- Researchers discover 20,000-year-old mammoth-bone structure built by humans.
- A total of 51 lower jaws and 64 individual mammoth skulls were used to construct the walls of the 80 square metre structure.
- Discovery suggests Ice Age humans were able to adapt to freezing conditions.
Mysterious bone circles made from the remains of dozens of mammoths have helped shed light on how ancient communities survived Europe’s Ice Age.
Around 70 of these structures are known to exist in Ukraine and the west Russian Plains.
The bones at one site are more than 20,000 years old, new analysis suggests, making it the oldest such circular structure built by humans discovered in the region.
Researchers say the bones were most likely sourced from animal graveyards, and the circle was then hidden by sediment and is now one foot below current surface level.
The majority of the bones found at the Russian Plains site are from mammoths.
Read more about mammoths:
- Who are the hunters of rare mammoth tusks in Russia?
- Ross Barnett: Why should we be interested in prehistoric animals that aren’t dinosaurs?
A total of 51 lower jaws and 64 individual mammoth skulls were used to construct the walls of the 80 square metre structure and scattered across its interior.
Scientists also found small numbers of reindeer, horse, bear, wolf, red fox and arctic fox bones.
For the first time, the archaeologists from the University of Exeter found remains of charred wood and other soft non-woody plant remains within the circular structure near the modern village of Kostenki, about 500km south of Moscow.
They say this indicates people were burning wood as well as bones for fuel, and the communities who lived there had learned where to forage for edible plants during the Ice Age.
Dr Alexander Pryor, who led the study, said: “Kostenki 11 represents a rare example of Palaeolithic hunter-gatherers living on in this harsh environment.
“What might have brought ancient hunter-gatherers to this site?
“One possibility is that the mammoths and humans could have come to the area en masse because it had a natural spring that would have provided unfrozen liquid water throughout the winter – rare in this period of extreme cold.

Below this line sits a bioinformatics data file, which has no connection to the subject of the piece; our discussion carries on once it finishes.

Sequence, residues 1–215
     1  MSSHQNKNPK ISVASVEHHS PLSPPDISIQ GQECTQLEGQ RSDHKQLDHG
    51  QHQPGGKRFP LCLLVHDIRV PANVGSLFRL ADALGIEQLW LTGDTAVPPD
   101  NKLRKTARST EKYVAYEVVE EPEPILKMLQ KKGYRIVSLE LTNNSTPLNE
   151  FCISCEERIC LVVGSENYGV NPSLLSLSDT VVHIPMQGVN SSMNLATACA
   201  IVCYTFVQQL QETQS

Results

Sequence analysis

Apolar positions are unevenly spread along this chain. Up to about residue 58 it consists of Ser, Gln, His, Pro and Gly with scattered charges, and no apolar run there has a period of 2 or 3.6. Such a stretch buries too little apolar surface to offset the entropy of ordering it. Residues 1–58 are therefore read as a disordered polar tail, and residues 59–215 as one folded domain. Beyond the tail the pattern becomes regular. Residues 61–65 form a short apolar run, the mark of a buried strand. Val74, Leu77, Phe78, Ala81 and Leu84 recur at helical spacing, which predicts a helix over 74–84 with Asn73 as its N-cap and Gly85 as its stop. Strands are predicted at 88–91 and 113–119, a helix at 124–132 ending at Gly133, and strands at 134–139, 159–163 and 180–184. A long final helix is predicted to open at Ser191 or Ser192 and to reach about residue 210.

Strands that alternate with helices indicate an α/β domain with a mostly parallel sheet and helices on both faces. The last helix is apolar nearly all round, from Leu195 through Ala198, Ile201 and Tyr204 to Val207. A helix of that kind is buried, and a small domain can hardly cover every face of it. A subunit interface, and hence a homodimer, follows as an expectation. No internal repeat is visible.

“These finds shed new light on the purpose of these mysterious sites.
“Archaeology is showing us more about how our ancestors survived in this desperately cold and hostile environment at the climax of the last Ice Age.
“Most other places at similar latitudes in Europe had been abandoned by this time, but these groups had managed to adapt to find food, shelter and water.”
Read more about early humans:
- Early humans tucking into cooked carbs as long as 170,000 years ago
- Early humans feasted on fish in the Sahara Desert 10,000 years ago
The last Ice Age, which swept northern Europe between 75-18,000 years ago, reached its coldest and most severe stage at around 23-18,000 years ago.
Most communities left the region, probably because of lack of prey to hunt and plant resources they depended upon for survival, scientists say.
Bone circles were eventually also abandoned as the climate continued to get colder and more inhospitable.
Previously, archaeologists have assumed the circular mammoth bone structures were used as dwellings, but the new study suggests this may not always have been the case.
The research, conducted by academics from the University of Exeter, University of Cambridge, Kostenki State Museum Preserve, University of Colorado Boulder and the University of Southampton, is published in the journal Antiquity.
Reader Q&A: What did the woolly mammoth eat?
Asked by: Mike Nickless, Redditch
The ancestral mammoth (Mammuthus meridionalis) lived in warm tropical forests about 4.8 million years ago and probably had a similar diet to the modern Asian elephant. The woolly mammoth (Mammuthis primigenius) evolved later, as the climate cooled, and was a grazer.
It probably used its tusks to shovel aside snow and then uprooted tough tundra grasses with its trunk. They needed to be so big because their stomachs were giant fermentation vats for grass – which is not nutritious.
Lyuba, the baby mammoth found preserved in the Siberian permafrost in 2007, had adult faeces in her stomach, suggesting mammoth babies ate their mother’s dung in order to give their digestive system the correct bacteria.
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